Louisiana posts worst economic performance in country
Published 3:02 pm Sunday, May 6, 2018
NEW ORLEANS (AP) — Louisiana posted the worst economic performance among the 50 states in 2017, becoming one of only three states where the economy shrank.
Gross domestic product numbers released Friday by the federal Bureau of Economic Analysis measure economic output of each state.
The state’s economy contracted by 0.2 percent, getting smaller for the second straight year. Louisiana was hammered by poor economic results in the nondurable goods manufacturing sector, which includes key oil-refining and chemical industries. Those industries are subject to wide swings in year-to-year profitability, based in part on the price of oil. However, a broad range of sectors posted results that lagged the nation, with transportation and warehousing and government also contributing notably to the decline.
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The state did show strength in oil and gas extraction, utilities and construction, all of which outperformed the nation.
Nationwide, economic output rose 2.1 percent during 2017.
The Bayou State’s economy also shrank in 2016, contracting 0.4 percent. A number of oil-dependent states saw their economies shrink that year.
Louisiana’s $246 billion economy remains nearly 6 percent smaller than its 2010 peak, after adjusting for inflation.
Washington grew most among states at 4.4 percent. Economies also contracted in Connecticut and Kansas.
Greg Albrecht, chief economist at the Louisiana Legislative Fiscal Office, tells The Advocate that the figures suggest Louisiana is still feeling the lingering effects of an oil price-driven recession that has slowed growth since 2010. After bottoming out in 2013, the state’s economy had begun to grow again in 2013 and 2014, but growth stalled out again.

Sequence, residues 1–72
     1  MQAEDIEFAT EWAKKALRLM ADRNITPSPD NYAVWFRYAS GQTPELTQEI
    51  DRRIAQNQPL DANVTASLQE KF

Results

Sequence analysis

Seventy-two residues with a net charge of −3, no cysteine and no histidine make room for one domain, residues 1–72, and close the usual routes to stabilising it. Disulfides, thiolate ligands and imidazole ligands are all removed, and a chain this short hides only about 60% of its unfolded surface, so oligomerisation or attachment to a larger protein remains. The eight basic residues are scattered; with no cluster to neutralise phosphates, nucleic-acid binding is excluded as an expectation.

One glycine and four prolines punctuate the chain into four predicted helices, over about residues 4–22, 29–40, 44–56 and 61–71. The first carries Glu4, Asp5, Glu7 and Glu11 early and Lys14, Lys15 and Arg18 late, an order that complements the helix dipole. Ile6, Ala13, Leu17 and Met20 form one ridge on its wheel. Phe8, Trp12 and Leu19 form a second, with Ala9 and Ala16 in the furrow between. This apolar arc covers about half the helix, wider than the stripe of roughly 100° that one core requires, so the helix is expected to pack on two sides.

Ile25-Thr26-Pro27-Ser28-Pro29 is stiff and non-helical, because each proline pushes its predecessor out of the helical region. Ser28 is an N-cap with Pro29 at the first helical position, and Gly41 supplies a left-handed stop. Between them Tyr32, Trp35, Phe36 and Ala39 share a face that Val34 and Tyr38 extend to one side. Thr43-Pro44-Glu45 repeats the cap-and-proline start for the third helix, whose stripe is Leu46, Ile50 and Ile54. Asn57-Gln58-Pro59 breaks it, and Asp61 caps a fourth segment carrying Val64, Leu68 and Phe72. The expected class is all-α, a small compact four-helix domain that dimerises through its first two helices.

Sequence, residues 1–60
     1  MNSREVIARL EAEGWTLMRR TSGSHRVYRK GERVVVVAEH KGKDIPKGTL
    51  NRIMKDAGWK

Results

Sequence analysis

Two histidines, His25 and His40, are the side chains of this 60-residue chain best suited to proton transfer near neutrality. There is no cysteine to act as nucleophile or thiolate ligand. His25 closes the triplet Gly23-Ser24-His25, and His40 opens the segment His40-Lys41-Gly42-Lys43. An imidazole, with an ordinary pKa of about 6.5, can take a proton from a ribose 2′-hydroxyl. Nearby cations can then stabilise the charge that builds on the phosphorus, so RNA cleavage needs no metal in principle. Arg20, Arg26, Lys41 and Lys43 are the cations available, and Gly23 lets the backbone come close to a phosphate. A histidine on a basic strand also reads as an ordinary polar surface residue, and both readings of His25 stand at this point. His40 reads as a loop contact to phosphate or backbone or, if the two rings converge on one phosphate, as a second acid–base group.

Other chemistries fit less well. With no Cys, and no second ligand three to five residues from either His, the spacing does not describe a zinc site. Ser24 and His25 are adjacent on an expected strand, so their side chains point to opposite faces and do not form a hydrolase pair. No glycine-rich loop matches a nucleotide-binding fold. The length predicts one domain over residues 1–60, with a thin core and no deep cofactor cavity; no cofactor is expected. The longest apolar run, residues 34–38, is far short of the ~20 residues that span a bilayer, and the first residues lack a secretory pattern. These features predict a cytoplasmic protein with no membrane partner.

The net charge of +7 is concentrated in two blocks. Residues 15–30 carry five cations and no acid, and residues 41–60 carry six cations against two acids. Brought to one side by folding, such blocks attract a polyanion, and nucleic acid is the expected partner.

“We’re not completely undiversified, but we don’t have the kind of diversification that if your oil and gas sector goes weak you can recover quickly,” Albrecht said.
Louisiana State University economist James Richardson said oil prices haven’t rebounded enough to make the heavy investment of offshore drilling attractive to oil companies, especially as they continue to exploit shale oil fields in Texas and elsewhere.
“We’re not where companies are going to put their dollars back when (oil) prices start going back up, at least initially,” Richardson said.
The last three months of 2017 showed stronger growth for Louisiana, with its economy expanding at a 2.2 percent annual rate. That still trailed the U.S. average of 2.7 percent. Richardson said it was too soon to tell if that means the state has turned the corner.
The preliminary numbers for the year and quarter will be revised.